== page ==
Miami prevails in FT-Nikkei ranking by expanding appeal beyond Latin America

For decades, Miami has been known as the US’s gateway to Latin America. But spending even a few hours in the office of Francis Suarez, the city’s 45-year-old mayor, makes it clear the South Florida metropolis has become a magnet for investors from other corners of the globe as well. Seated in the waiting area on one recent sunny afternoon was Lech Walesa, the former Polish president and anti-communist crusader, patiently waiting his turn for an audience with the mayor. Aides excitedly discuss the possible arrival in the city of the Saudi-backed investment conference, dubbed “Davos in the desert”. “We are welcoming, and we want the best and the brightest, and the best-capitalised people here. Why? Because it’s going to strengthen us,” says Suarez, seated in his white-walled modernist office. “Our wages are growing faster than anyone else’s.”

Miami’s rising status as an international hub, which has helped land it in the top spot of the inaugural FT-Nikkei Investing in American ranking of the best US cities for foreign businesses, has coincided with a similar rise as a place of choice for domestic investors. Financiers from New York and tech entrepreneurs from California began moving to the city during the coronavirus pandemic, citing its light-touch lockdown measures and a warm climate that made working from home tolerable. Overseas investors followed suit. Even as foreign direct investment US-wide plummeted in 2020, it jumped 70 per cent for Miami, with the UK, Panama and Spain leading the way, according to data from fDi Markets, an information provider owned by the Financial Times that tracks greenfield FDI, or cross-border investments that create new jobs and facilities. “Miami has traditionally marketed itself as the gateway to the Americas, and it’s still true,” says Ilona Vega Jaramillo, vice-president at the Beacon Council, Miami’s economic development organization. “But I would even say we are outgrowing that. I think we are a global city centre now.”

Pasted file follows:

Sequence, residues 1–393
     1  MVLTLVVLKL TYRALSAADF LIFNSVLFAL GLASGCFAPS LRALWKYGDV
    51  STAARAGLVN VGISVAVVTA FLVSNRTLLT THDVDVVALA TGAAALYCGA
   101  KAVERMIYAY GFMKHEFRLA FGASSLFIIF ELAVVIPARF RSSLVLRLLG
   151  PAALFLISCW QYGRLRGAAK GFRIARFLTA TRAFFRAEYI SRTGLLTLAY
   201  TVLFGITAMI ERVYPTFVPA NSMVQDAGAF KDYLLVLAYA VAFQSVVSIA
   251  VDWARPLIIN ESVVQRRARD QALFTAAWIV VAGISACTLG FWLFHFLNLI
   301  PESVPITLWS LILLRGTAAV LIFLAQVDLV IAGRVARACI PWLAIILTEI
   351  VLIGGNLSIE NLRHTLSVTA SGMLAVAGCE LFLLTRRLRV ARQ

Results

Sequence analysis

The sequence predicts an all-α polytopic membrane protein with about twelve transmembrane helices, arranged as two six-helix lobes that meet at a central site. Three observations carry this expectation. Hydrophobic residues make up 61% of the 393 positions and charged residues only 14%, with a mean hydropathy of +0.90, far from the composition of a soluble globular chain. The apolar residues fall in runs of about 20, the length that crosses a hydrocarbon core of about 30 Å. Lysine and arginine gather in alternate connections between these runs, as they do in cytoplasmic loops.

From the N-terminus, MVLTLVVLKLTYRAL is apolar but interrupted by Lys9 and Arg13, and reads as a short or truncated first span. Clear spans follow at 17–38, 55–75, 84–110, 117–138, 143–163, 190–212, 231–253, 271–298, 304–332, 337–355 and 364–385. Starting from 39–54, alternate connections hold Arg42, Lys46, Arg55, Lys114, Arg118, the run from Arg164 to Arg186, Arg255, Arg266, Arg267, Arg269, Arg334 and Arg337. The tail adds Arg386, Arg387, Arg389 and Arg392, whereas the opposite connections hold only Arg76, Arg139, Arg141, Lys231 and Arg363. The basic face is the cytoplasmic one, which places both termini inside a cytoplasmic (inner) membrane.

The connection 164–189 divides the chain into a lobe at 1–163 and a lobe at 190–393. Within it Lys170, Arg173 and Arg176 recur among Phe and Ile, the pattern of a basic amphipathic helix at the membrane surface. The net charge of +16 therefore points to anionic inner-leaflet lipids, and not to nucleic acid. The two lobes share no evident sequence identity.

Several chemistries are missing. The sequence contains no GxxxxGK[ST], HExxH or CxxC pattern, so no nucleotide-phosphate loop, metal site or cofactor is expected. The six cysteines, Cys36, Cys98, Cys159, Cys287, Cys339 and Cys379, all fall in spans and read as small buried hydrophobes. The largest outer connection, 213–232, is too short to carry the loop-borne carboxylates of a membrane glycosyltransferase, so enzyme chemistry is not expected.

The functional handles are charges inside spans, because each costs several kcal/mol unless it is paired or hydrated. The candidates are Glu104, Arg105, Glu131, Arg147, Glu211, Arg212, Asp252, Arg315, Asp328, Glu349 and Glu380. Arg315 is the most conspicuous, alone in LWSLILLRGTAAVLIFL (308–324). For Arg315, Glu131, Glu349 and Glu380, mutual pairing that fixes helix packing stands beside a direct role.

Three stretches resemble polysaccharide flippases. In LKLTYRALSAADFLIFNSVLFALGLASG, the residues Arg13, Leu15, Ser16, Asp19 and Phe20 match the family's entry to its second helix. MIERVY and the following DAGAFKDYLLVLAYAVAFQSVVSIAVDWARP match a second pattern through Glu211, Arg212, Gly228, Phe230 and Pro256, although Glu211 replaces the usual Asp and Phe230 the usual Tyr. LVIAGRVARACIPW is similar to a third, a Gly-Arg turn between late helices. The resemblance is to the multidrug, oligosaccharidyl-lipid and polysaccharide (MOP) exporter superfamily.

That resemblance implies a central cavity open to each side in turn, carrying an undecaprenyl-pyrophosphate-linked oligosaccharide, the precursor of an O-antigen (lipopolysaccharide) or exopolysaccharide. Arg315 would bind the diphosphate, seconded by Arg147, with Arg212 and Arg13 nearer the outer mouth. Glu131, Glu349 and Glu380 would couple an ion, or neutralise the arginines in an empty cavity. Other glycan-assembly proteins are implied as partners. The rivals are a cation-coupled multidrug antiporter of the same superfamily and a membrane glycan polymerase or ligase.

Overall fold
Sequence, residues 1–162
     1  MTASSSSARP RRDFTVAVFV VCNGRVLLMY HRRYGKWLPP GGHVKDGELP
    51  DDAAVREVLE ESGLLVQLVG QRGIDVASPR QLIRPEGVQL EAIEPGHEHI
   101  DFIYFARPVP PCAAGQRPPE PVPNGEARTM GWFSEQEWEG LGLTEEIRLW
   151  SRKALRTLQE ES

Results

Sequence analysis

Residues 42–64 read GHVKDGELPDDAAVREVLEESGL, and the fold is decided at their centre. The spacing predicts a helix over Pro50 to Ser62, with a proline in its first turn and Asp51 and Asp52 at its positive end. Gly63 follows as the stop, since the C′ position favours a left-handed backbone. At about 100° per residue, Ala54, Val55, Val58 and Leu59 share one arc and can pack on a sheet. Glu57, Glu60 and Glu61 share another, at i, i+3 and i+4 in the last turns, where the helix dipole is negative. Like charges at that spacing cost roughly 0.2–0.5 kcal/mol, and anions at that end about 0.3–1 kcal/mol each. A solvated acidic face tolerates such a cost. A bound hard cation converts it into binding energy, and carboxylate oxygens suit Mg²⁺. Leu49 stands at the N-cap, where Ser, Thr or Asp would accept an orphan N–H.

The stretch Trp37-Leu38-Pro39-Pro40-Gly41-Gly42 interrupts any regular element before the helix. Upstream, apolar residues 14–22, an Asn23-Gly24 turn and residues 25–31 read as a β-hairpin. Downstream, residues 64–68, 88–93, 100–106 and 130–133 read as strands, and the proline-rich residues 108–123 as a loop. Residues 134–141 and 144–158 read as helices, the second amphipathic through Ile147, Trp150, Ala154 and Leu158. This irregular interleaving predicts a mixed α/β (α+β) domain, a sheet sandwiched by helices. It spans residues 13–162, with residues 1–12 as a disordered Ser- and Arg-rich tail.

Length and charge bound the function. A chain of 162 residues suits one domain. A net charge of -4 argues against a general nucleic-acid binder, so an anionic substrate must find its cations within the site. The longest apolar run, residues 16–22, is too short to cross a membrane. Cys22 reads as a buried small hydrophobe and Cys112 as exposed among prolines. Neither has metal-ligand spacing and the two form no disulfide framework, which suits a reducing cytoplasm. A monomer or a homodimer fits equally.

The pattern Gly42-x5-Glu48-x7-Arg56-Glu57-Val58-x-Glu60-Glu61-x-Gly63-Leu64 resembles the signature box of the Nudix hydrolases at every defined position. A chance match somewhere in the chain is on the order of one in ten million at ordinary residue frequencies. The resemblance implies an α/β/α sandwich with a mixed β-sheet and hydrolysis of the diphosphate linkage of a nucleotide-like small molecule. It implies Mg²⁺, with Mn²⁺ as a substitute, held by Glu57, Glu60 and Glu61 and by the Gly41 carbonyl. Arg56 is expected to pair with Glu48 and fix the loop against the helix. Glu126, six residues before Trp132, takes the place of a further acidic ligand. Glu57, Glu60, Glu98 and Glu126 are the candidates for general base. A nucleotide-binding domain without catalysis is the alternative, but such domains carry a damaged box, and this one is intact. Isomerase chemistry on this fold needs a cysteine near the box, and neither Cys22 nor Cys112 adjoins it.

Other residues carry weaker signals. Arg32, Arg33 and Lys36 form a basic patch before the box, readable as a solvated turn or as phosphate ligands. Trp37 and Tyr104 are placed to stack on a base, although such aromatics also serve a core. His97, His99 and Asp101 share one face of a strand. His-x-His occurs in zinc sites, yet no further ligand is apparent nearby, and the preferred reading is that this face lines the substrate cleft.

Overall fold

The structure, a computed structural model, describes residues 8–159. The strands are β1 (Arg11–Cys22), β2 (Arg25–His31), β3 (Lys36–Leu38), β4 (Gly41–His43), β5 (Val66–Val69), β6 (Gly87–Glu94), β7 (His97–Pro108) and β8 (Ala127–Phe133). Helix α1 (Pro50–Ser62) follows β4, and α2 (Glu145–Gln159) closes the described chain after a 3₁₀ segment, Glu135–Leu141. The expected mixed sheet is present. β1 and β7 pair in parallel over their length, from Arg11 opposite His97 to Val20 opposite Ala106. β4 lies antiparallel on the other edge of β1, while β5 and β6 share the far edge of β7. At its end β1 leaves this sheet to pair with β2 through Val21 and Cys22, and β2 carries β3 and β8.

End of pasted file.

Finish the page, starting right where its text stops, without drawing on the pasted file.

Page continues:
Many locals give credit to Suarez, who put his city on the radar of new out-of-state investors with a playful four-word tweet in 2020: “How can I help?” (The tweet was in answer to a Silicon Valley executive’s suggestion that frustrated tech investors abandon Northern California for South Florida.) Suarez, who likes to call his city “the capital of capital”, followed up by creating more facilities to help businesses set up shop, including an office focused on assisting potential investors. For those from overseas, it didn’t hurt that more than half of Miami’s residents are foreign born, the highest proportion of any large US city. Suarez has been able to accomplish this repositioning almost entirely through the force of his personality; Miami’s mayor has limited executive powers, and the office is a part-time job. A Republican, he has managed to hew closely to the party’s historic reputation as a friend to business — local taxes remain low — while remaining openly critical of Donald Trump’s nativist, anti-immigrant policies. “The mayor’s done a really nice job of creating this snowball effect for us to take a look at it seriously,” says Kurt MacAlpine, chief executive of Canadian asset manager CI Financial. The company chose Miami for its US headquarters last year and recently doubled its lease at 830 Brickell, the newest office building in Miami’s financial district and home to other big names like Citadel, Microsoft, AerCap, and Thoma Bravo. The building is due for completion in January and expected rent has nearly doubled to $120 per square foot in three years.

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